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A Comedic New Take on Ageless Shakespearean Works

Caitlyn Scherger '22

Features Editor

Xander Dotson (left), Lauren Martin (center) and James Trani (right) will attempt to perform 37 plays in 90 minutes. Photo Couresy of Maisha Khan

To see or not to see? That is the question about R-MC Theatre’s newest production “The Complete Works of William Shakespeare (Abridged)”. It’s directed by Professor Maria Scott of R-MC’s English department and stars actors James Trani ’20, Lauren Martin ’21, and Xander Dotson ’20, who all play alternate versions of themselves. This show dares to try something never done here on R-MC’s campus before: run through all of Shakespeare’s plays in 90 minutes.

Written by Adam Long, Daniel Singer, and Jess Winfield, the play illustrates the struggles the students face as they have to make some crucial choices between what to include and what to leave out of their performance due to the time constraint. This has led to some of the more memorable moments from each play to be included in the students’ abridged version and excludes many of the less action-driven moments such as world-building and background scenes. Instead, it focuses on the more action-packed, dramatic scenes, creating a production full of non-stop excitement. Sometimes it changes so quickly from scene to scene that it can be challenging to follow if you are unfamiliar with the original plays and performances.

But you don’t have to know the original plays in order to properly enjoy the show. Whether you know the source material or not, the show portrays Shakespeare’s plays in a comedic and accessible way that can be enjoyed by everyone, Shakespeare lovers and haters alike.

Professor Scott hopes that seeing this show will encourage more people to look into Shakespeare’s works, even though they typically are written in Old English (which can be difficult to comprehend) that discourages readers from even briefly picking up one of his works.

In regard to why she specifically chose this play, Professor Scott explained, “I love introducing Shakespeare to people who would otherwise not be interested in Shakespeare. And hopefully, this will get some people thinking ‘hm, well, maybe I’ll try it’.”

This play certainly has the potential to entice former Shakespeare haters to give his manuscripts another try. Especially because as Professor Scott describes it, “it’s three people seemingly trying to put on a ‘play’, without really knowing what they’re doing.”

This is where some of the ingeniousness of this play comes from. You can’t really tell if the actors are just making everything up as they go and they really don’t know what they’re doing, creating a different performance every time, or if everything was just masterfully planned. It also gives the illusion that even the students sometimes may not fully understand Shakespeare’s plays, which helps those who are not as familiar with the plays connect with the play. And keeping this ambiguity isn’t the only struggle with the mastering of this production.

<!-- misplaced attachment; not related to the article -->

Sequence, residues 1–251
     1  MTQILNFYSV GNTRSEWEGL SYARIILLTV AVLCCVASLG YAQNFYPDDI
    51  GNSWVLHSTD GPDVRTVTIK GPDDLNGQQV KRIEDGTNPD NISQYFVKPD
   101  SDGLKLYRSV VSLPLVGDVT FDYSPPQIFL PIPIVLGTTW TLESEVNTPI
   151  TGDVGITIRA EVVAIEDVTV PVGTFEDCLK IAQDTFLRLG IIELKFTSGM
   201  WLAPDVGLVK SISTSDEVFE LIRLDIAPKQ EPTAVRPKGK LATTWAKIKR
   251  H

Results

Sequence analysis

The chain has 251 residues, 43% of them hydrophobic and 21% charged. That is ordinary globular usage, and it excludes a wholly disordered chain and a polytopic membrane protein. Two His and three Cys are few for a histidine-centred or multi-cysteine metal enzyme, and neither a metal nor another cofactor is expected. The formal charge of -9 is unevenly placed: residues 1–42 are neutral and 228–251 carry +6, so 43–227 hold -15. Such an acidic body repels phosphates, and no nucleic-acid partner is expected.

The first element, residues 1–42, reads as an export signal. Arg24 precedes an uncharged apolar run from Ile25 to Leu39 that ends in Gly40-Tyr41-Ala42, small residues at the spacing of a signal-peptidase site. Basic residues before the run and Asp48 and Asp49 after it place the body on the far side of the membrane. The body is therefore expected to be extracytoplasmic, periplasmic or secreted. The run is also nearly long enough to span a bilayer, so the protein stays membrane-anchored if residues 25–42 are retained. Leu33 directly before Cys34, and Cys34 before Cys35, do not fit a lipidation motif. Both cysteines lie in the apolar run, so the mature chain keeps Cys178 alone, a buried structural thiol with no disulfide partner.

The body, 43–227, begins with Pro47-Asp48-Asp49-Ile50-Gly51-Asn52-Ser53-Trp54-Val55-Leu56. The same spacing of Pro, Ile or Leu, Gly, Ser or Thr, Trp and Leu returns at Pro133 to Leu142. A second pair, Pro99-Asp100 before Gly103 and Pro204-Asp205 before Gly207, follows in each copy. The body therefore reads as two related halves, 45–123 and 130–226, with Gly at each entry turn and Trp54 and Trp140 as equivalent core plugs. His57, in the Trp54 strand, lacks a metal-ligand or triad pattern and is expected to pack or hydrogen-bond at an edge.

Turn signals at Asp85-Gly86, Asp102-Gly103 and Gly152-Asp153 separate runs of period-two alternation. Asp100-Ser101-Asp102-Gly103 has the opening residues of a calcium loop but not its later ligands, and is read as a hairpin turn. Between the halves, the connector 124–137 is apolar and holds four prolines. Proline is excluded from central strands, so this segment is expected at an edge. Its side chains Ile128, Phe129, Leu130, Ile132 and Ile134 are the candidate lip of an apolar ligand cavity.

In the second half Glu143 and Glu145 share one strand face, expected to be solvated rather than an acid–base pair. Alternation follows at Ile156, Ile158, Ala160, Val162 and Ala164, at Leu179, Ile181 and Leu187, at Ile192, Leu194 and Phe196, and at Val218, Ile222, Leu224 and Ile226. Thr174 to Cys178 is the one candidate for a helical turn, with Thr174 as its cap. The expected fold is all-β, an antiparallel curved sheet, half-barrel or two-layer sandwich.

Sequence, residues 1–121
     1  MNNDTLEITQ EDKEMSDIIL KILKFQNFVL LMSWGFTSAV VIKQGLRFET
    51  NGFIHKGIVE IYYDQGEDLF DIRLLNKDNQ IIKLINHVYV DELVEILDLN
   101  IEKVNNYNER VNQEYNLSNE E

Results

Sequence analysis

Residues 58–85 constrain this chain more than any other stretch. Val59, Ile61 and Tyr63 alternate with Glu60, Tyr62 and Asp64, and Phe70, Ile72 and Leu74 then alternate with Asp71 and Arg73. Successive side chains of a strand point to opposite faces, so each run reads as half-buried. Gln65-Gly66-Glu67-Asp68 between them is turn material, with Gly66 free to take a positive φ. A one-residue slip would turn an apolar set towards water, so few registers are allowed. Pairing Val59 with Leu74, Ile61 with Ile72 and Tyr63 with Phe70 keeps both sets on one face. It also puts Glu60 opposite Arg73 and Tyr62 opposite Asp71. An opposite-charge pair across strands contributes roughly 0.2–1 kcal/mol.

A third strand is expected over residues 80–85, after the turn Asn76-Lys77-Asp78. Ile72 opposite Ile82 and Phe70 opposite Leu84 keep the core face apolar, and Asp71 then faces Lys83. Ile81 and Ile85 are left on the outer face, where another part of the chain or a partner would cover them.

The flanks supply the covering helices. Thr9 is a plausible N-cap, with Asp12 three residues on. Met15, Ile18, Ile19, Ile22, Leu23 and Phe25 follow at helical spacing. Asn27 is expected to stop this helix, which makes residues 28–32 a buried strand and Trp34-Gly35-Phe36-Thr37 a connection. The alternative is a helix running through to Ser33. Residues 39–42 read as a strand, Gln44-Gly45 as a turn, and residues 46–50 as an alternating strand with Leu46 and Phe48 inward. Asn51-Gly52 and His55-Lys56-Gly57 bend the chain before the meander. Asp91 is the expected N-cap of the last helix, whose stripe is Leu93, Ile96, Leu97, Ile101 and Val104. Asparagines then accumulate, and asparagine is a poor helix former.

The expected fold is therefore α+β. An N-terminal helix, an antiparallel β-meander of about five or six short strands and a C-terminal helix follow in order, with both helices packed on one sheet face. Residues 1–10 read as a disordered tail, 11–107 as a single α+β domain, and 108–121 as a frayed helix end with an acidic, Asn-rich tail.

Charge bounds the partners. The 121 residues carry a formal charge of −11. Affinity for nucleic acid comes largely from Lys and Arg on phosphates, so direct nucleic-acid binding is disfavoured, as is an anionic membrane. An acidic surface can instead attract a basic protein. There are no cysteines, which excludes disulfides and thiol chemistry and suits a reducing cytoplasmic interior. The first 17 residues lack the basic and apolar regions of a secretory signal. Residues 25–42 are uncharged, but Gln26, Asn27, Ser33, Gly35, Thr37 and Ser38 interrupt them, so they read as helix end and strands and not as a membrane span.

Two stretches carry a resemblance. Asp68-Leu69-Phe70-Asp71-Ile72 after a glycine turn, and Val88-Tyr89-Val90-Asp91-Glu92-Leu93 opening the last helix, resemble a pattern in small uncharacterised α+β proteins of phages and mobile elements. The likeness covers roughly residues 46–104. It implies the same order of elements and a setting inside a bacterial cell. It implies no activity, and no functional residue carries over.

“The hardest part has probably been getting the grasp of Shakespeare and transmitting that in a way that makes sense to the everyman and also a person that really adores Shakespeare,” said Maisha Khan ’20, assistant director. “The end of the show is quite challenging,” she added, but couldn’t specifically say why, leaving that as a surprise for audiences who come out and support the show. The play also is special for some of the actors.

For Xander Dotson, “it is a chance to get back on stage after a long while of just working tech.”

But their hard work seems to have paid off in the end. I personally haven’t seen many of Shakespeare’s works, but I still understood what was happening and many of the jokes, both the subtle and in your face ones. Even if you haven’t studied or familiarized yourself with Shakespeare’s works, you can still sit back and enjoy this production and the hard work that goes into crafting a show like this.

Khan is convinced everyone should come see the show. “Why shouldn’t you? It’s right before Thanksgiving,” she said. “It’s a busy time, you’re submitting all your work. You need a night of laughter and silliness and this will give you just that.”

So, what are you waiting for? Take a well-deserved break and come out and support R-MC Theatre and enjoy the entertaining and abridged version of all 37 of William Shakespeare’s works!

This production is open to all. R-MC students, staff, and faculty can get in for free, and for $5 the general public can come see this show. This production will be available to see on November 20, 21, and 22 at 7 P.M., and will be shown November 23 at 2 P.M. and 7 P.M. All shows will be in Cobb Theater. Call the Box Office (804) 752-7316 or visit bit.ly/rmccompleteworks to reserve seats. For more information regarding the 2019-20 season offered at R-MC, visit: https://www.rmc.edu/departments/Theatre/current-season

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